Health Workforce Analysis Survey Methodology
The MDH Health Workforce Analysis (HWA) team collects data on 17+ licensed healthcare professions, including primary care, oral health, mental health, and select other allied health professions in Minnesota. The Healthcare Workforce survey is administered at the time a provider renews his/her professional license. The data collection period for each profession coincides with the license renewal period for that profession, so each person renewing a license has the opportunity to complete the survey. Minnesota Statutes 144.051–0.052 authorize the collection of these data at the time of license renewal.
Once the data collection for a given profession is complete, analysts prepare the data for analysis, following these steps:
- Download the survey data from the web–based server.
- Remove duplicate cases. Duplicates can occur when a professional renews their license more than once within a renewal cycle.
- Prepare practice address data for geocoding. This may involve editing typos, correcting street directionals, replacing PO boxes with physical addresses, and making similar corrections to maximize the accuracy of the automated geocoding process.
- Geocode practice address data. This which identifies providers’ county, region, and Rural Urban Commuting Area (RUCA). RUCAs are an important measure of the rurality of the location in which a provider practices.
- Merge survey data with public data from the corresponding health licensing board. Licensing boards collect additional administrative data on all licensees, and this data offers a point–in–time snapshot of the entire set of actively licensed healthcare professionals. Blending the rich data from the Health Workforce survey with the administrative board data gives us the maximum amount of information about counts and characteristics of all providers within each profession.
Although administrative board data gives us a total count of the actively licensed providers within a given profession, the number of employed, Minnesota–based practitioners is always a subset of this number, as described below.
- Providers with out–of–state practice addresses. Within each profession, some share of licensees (typically between 5 and 20 percent) report out–of–state practice addresses. Often, but not always, these addresses are in states that border Minnesota. These addresses cannot be geocoded, and therefore these professionals are excluded from counts in any geographic analyses. However, some providers with out-of-state addresses may in fact be practicing in Minnesota. Some providers treat patients via telehealth; others may practice in Minnesota for part of the year; still others may work in Minnesota as well as a border state. Currently, there is no way to know with certainty how many providers with out-of-state addresses are actually treating patients in Minnesota.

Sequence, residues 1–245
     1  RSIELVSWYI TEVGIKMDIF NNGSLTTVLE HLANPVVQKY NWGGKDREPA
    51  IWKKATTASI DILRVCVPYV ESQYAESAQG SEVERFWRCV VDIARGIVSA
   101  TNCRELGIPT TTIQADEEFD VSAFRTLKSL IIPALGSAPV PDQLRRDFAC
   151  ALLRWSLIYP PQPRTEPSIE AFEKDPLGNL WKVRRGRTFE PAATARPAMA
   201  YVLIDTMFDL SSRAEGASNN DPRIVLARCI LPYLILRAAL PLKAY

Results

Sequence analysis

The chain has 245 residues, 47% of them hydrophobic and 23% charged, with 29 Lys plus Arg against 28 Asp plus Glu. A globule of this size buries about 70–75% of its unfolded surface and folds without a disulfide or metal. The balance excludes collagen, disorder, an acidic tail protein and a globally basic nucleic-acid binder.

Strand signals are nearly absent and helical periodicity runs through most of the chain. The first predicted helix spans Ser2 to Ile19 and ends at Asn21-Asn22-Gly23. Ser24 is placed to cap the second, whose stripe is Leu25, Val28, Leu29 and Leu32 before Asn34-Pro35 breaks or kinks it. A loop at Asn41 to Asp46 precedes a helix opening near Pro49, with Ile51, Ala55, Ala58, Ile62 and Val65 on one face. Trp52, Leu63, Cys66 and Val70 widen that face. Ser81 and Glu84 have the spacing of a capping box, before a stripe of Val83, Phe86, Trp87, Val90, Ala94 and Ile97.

- Providers with no practice address. Similarly, some smaller share of licensees (typically less than 5 percent) report no practice address at all. Often this is because they are no longer practicing. It is not uncommon for retired healthcare providers to maintain their licenses, for example. However, there may be some working professionals who simply opt not to provide a practice address. However, since these providers cannot be geocoded to a location, they too are not counted in geographic analyses.
- Retired or Unemployed Providers. Finally, a small share (typically between 1 and 8 percent) of each profession reports on the workforce survey that they do not currently hold a position related to their license. Most of these respondents indicate that they are retired, but smaller shares report that they are temporarily not working, or are unemployed and looking for work.
Since these three categories of licensees (out–of–state address / no address / not working) often overlap—and since we only have employment information on the subset of licensees who responded to the survey—it is not possible to construct an exact count of the share of actively licensed providers who are practicing in Minnesota. However, we can use these three pieces of information to estimate a rough upper bound to that number for each profession.
Defining Rural, Urban and Underserved Areas in Minnesota
Rural and Urban Areas
There are many ways to define Minnesota's rural and urban areas. One is to use the Rural and Urban Commuting Areas (RUCA) which provide an alternative method for analyzing health care workforce data by geography. The RUCA categories are based on size of the city or town and the daily commuting of the population to identify urban cores and adjacent territory economically integrated with those cores. Additional information on RUCA is available on the Rural–Urban Commuting Area Codes at the United States Department of Agriculture Economic Research Service website.
Rural Urban Commuting Area Maps:
The Office of Rural Health and Primary Care also defines rural to urban areas by referring to the Metropolitan and Micropolitan Statistical Areas which use a county designation. Then, by default, defines other counties as rural if they are not in a metropolitan or micropolitan statistical area.
- Metropolitan and Micropolitan Statistical Areas Main, United States Census Bureau
- Minnesota's Metropolitan, Micropolitan and Rural Counties in Minnesota, 2017 (PDF)
The Office of Rural Health and Primary Care prepares applications for federal shortage area designation and maintains Minnesota maps of the Health Professional Shortage Areas and Medically Underserved Areas/Populations – HPSA and MUA/P, which are defined by the Health Resources and Services Administration.